I don’t settle for mediocrity: Radikaa Sarathkumar

S Subhakeerthana
radhika sarathkumar

Radikaa Sarathkumar juggles multiple roles—acting in soaps/films, anchoring a television show, producing content, besides being a grandmother.

For those who follow Tamil television, she is perhaps the face of Chiththi, Selvi, Arasi, Vaani Rani and now, Kodeeswari. The bold, witty, and unassuming Radikaa Sarathkumar, who made her debut in Tamil cinema with Bharathiraja’s Kizhakke Pogum Rail in 1978, is as busy as ever. “Whatever I am today is because of my perseverance and hard work. Nothing was given to me on a platter,” says Radikaa, who juggles multiple roles—acting in soaps/films, anchoring a television show, producing content, besides being a grandmother. “Over these years, I have been brutally honest with myself, and that quality has brought me thus far,” she adds.

Excerpts from a conversation:

You are 50 plus, and still going strong. It wouldn't be an exaggeration to say you are one of the busiest artistes in Tamil cinema today.

Thank you. Age is just a number. It has been a crazy journey, indeed—from Kizhakke Pogum Rail. I was quite a shy person then. I didn't know how to act. Though my father was a veteran actor (MR Radha), I didn't know movies. Looking back at the long innings, it feels nice that I could sustain my career. It takes a lot to be Radikaa. (Laughs)

It is nothing but sheer will power, commitment and diligence. I start my day with yoga. It is not that I succumb to the pressure of maintaining a good physique, but I am more health-conscious. I shoot almost every day, but I don't work beyond 6 pm. It’s hectic, but I manage. Everything boils down to time management. It is never going to be smooth for anyone to be consistent.

I am sure. And, it is amazing how you take challenges head-on and pull off every role with conviction.

When I entered television, I was busy with films. Most of them dissuaded me, but I knew I would succeed. I was confident about this seamless transition. I slowly became the Numero Uno of the Tamil small screen, which wasn't easy. I faced all my battles single-handedly. I took a huge risk. Banks weren't sanctioning loans. I did writing, acting, overseeing the production—everything myself. You know, it is a man's world. I ventured into television when it was believed women didn't have a strong voice in society. But I got an overwhelming response from the family crowd, and I am grateful for all the love and affection. I learned to be competitive.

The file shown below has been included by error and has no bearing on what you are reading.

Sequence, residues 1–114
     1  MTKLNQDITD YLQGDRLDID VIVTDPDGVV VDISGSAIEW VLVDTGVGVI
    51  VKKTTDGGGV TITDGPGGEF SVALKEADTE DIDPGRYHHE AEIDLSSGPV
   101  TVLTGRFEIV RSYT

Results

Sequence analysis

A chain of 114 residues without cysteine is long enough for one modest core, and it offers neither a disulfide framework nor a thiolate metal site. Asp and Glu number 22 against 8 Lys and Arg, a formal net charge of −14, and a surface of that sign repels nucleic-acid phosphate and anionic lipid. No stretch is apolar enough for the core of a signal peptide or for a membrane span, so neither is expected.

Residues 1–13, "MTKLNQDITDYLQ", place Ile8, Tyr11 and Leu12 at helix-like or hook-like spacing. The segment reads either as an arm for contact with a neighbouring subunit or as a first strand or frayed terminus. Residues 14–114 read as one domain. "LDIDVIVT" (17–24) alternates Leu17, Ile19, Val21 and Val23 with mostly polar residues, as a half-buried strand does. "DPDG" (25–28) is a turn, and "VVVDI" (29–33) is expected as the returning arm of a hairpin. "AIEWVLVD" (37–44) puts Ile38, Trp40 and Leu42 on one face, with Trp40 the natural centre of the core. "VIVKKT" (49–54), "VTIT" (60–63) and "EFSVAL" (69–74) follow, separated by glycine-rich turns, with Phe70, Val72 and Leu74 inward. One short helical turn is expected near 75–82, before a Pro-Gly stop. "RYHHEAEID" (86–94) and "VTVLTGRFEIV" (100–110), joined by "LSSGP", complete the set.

Chiththi became a superhit, and it ran at a prime time slot for years. It kind of redefined the representation of female characters on the small screen. There has been a drastic change in content consumption patterns, needs of the audience and so on. At the end of the day, I don't settle for mediocrity. Of course, it is a huge challenge to get people to watch serials amid Netflix and Amazon. I love what I am doing and take challenges in my stride. The glamour quotient of television has been a major draw, but there is more to it than that.

Are you an avid television buff?

I don't watch TV. I watch people who watch TV. People are simple. They only complicate when they talk. (Grins) I know their likes, dislikes and business dynamics. I strive to get better every day. I keep reinventing myself. Thanks to my husband (Sarathkumar), who extends his unconditional support in whatever I do.

Do you enjoy hosting Kodeeswari?

Women approach me and tell I am someone they look up to. But I don't relax, sit back and say, “Hey, I have achieved so much.” I am on my toes all the time. I meet women from different walks of life, who share their stories with me. Most of them have moved me, and it truly feels empowering to be a part of an all-women show. Women are equal to men, or I would say they are doing better. I encourage them to believe in themselves.

On the film front, Radikaa Sarathkumar is awaiting the release of Vaanam Kottatum, a Mani Ratnam production, which will hit the screens in February. “Sarath and I are sharing screen space after two decades. We did Suryavamsam in 1997,” says Radikaa, adding, she has been “open to doing strong roles.” “Also, at this stage, I feel roles are being offered to me because of my credibility,” she signs off.